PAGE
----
No fewer than 141 countries are losing $160 trillion in wealth because of differences in lifetime earnings between women and men, the World Bank Group report on gender inequality has shown.
The loss amounts to an average of $23,620 for each person in the 141 countries contained in the study titled: “Unrealized Potential: The High Cost of Gender Inequality in Earnings,” which examines the economic cost of gender inequality in lost human capital.
In sub-Saharan Africa, the losses are estimated at $2.5 trillion and many countries in the sub-region host millions of girls whose average educational attainment remains lower than boys and adult women are less literate than men.
Indeed, the recently released Pension Asset and Membership Data by the National Bureau of Statistics (NBS), showed that out of the 1,931,222 civil servants in the federal employment, 525, 930 are women, leaving 1,405,292 positions for men, affirming the differences raised by the World Bank.
Besides, discrimination and social norms shape the terms of female labor force participation and many girls are married or have children before the age of 18, a disadvantage that translates into substantial gender gaps in earnings.
Consequently, globally, women account for only 38 percent of human capital wealth against 62 percent for men.
In the NBS data, sub-national (state) employment, out of 1,585,651 civil servants captured in the data, about 696,466 are women, while 889,185 are men, an indication of sustained gender gap.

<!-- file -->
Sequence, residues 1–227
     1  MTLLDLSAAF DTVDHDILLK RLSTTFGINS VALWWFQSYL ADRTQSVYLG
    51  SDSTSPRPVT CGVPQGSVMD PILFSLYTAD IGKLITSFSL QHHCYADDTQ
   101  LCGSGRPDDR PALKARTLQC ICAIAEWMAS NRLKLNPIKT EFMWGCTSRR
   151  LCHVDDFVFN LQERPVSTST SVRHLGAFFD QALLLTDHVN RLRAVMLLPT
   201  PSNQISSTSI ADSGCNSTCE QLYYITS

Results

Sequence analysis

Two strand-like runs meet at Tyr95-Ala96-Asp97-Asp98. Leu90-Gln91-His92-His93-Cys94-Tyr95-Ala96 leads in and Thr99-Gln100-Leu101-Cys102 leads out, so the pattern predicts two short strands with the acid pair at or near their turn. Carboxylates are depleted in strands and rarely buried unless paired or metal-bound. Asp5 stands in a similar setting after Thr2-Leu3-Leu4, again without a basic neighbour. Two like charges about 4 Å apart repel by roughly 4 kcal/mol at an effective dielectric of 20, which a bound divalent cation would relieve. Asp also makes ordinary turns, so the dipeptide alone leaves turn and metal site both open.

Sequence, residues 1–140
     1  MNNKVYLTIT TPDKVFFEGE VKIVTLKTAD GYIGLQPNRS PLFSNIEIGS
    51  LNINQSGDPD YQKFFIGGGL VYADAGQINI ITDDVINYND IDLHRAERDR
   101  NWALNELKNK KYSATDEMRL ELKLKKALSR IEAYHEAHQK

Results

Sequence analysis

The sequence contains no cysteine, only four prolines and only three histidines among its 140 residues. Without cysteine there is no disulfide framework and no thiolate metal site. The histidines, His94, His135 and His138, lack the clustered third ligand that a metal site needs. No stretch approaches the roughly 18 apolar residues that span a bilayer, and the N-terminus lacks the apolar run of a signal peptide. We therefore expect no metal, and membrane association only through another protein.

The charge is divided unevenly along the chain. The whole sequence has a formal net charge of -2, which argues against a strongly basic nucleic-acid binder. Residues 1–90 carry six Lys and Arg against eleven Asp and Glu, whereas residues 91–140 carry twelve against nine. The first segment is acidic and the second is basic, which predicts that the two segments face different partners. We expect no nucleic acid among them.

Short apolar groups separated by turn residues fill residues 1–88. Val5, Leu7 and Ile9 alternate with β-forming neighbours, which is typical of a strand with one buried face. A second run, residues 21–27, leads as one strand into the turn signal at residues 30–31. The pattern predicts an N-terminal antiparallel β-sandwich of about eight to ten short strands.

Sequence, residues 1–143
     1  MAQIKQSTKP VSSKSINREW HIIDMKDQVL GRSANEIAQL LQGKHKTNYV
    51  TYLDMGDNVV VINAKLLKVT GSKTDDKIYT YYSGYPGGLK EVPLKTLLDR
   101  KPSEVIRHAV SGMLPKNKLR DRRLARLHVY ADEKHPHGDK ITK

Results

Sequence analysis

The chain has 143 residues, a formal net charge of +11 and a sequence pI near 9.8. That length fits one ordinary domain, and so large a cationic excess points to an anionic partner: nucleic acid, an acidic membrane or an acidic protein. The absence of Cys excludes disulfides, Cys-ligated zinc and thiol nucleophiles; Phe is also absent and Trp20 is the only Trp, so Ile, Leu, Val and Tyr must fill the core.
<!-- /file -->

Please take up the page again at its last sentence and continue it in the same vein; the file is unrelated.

In the private sector, the pension membership data showed 4,459,103 employees, out of which, only 1,111,804 are women, while 3,347,229 are men, an indication of a ratio of about 3-to-1 in favour of men.
An aggregation of the public and private sectors’ numbers showed 7,975,976 employees in the data, out of which 2,334,200 are women and 5,641,776 are men, representing about 70 per cent in favour of male employment over women.
Consequently, with the Pension Fund Asset Under Management as at first quarter of 2018 standing at N7.943 trillion, the lifetime labour earnings of these women with regards to pension as at date amount to about 30 per cent of the figure.
Participants within the age distribution of 30-39 years and 40-49 years, which is regarded as the active age, have the highest percentage composition of the pension contribution.
Conversely, women’s participation in these distributions suffered great loss in number, as men dominated, with more than two million employees above women.
The World Bank’s Chief Executive Officer, Kristalina Georgieva, said: “The world is essentially leaving $160 trillion on the table when we neglect inequality in earnings over the lifetime between men and women.
“This is a stark reminder that world leaders need to act now and act decisively to invest in policies that promote more and better jobs for women and equal pay at work.”
The global institution observed that nearly in every country today, women face barriers to fully participate in the workforce and earn as much as men.
Source: G Business